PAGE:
As for application integration, SPL provides standard JDBC driver, allowing Java application to integrate and invoke seamlessly and directly. For a non-Java application like .net/Python, it can be invoked via ODBC/Restful interface. In contrast, Python is relatively weak for integration, and often has to run as an independent process in addition to the process of main program written in mainstream languages like Java and C#, so the invoking performance and stability are both unsatisfactory. When it comes to data source interface, there is little difference between SPL and Python, both of them can access common data sources (txt, csv, xls, json, xml, etc.), and have the ability to access various databases to perform read, calculate, write and other operations.

Development environment and debugging

Python has too many IDEs such as Pycharm, Eclipse, Jupyter Notebook. These IDEs have their own advantages and disadvantages, but the most commonly used debugging method for Python is still the print(print the variable value we want to watch), which is troublesome, and the codes need to be deleted after debugging. The setting and execution of breakpoint are the normal functionality of Python IDEs, which is useful for debugging. It is worth noting that most IDEs of Python provide the functionality of completing variables and functions, which can save a lot of time when coding.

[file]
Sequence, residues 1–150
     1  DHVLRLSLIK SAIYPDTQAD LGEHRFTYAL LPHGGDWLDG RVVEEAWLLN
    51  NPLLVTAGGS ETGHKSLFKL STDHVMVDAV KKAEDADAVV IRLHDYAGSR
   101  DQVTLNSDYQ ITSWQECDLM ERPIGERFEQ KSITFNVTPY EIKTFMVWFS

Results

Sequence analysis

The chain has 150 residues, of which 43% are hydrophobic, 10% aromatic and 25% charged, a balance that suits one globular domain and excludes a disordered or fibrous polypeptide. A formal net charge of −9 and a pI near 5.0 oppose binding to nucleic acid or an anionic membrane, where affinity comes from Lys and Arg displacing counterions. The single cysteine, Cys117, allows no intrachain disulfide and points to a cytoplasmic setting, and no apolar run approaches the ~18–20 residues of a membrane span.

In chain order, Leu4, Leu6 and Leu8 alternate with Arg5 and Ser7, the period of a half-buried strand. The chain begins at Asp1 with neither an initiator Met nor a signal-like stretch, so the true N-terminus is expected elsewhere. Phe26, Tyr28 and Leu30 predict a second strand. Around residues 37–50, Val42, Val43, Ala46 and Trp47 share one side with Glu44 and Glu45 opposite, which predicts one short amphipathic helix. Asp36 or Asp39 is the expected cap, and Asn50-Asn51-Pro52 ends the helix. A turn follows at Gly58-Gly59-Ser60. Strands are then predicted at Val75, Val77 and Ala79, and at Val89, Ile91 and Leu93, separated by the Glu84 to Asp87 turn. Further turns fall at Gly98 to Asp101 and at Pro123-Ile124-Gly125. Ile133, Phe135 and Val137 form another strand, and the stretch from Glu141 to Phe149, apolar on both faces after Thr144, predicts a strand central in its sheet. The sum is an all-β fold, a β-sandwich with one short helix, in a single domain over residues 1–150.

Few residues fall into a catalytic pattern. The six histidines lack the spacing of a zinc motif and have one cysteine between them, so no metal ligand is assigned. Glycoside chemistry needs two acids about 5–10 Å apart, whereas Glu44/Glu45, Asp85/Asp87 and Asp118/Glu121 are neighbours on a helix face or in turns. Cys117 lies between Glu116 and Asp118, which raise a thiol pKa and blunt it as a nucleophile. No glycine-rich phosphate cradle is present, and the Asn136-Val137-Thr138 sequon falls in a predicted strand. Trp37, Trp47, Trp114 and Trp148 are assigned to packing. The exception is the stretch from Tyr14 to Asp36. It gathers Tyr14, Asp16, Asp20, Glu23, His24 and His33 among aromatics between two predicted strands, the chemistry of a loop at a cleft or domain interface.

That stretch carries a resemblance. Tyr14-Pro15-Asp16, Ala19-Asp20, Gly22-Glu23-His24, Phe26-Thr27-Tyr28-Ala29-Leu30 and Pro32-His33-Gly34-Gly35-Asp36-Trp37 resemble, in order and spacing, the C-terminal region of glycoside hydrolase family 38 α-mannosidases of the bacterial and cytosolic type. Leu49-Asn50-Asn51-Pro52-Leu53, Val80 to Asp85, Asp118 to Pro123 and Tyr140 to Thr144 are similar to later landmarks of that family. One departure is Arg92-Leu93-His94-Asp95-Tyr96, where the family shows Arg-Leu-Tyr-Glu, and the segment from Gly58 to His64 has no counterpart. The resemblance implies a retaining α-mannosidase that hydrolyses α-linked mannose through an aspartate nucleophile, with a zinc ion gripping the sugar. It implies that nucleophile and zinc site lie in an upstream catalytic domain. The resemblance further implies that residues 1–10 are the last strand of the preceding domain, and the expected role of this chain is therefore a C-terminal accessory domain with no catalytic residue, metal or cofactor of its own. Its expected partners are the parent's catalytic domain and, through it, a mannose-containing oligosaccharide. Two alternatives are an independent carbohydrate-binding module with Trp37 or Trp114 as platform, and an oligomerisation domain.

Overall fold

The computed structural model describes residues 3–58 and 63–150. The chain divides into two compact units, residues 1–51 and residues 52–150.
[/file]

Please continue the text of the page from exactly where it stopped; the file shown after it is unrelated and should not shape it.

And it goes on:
SPL adopts the grid-style programming, which allows us to view cell value and variable value at any time, and is much more convenient than the printmethod. In addition, the setting and execution of breakpoint differ little from Python’s IDE. What needs to be improved is the completing functionality of function name and variable name.

IDE of Pycharm: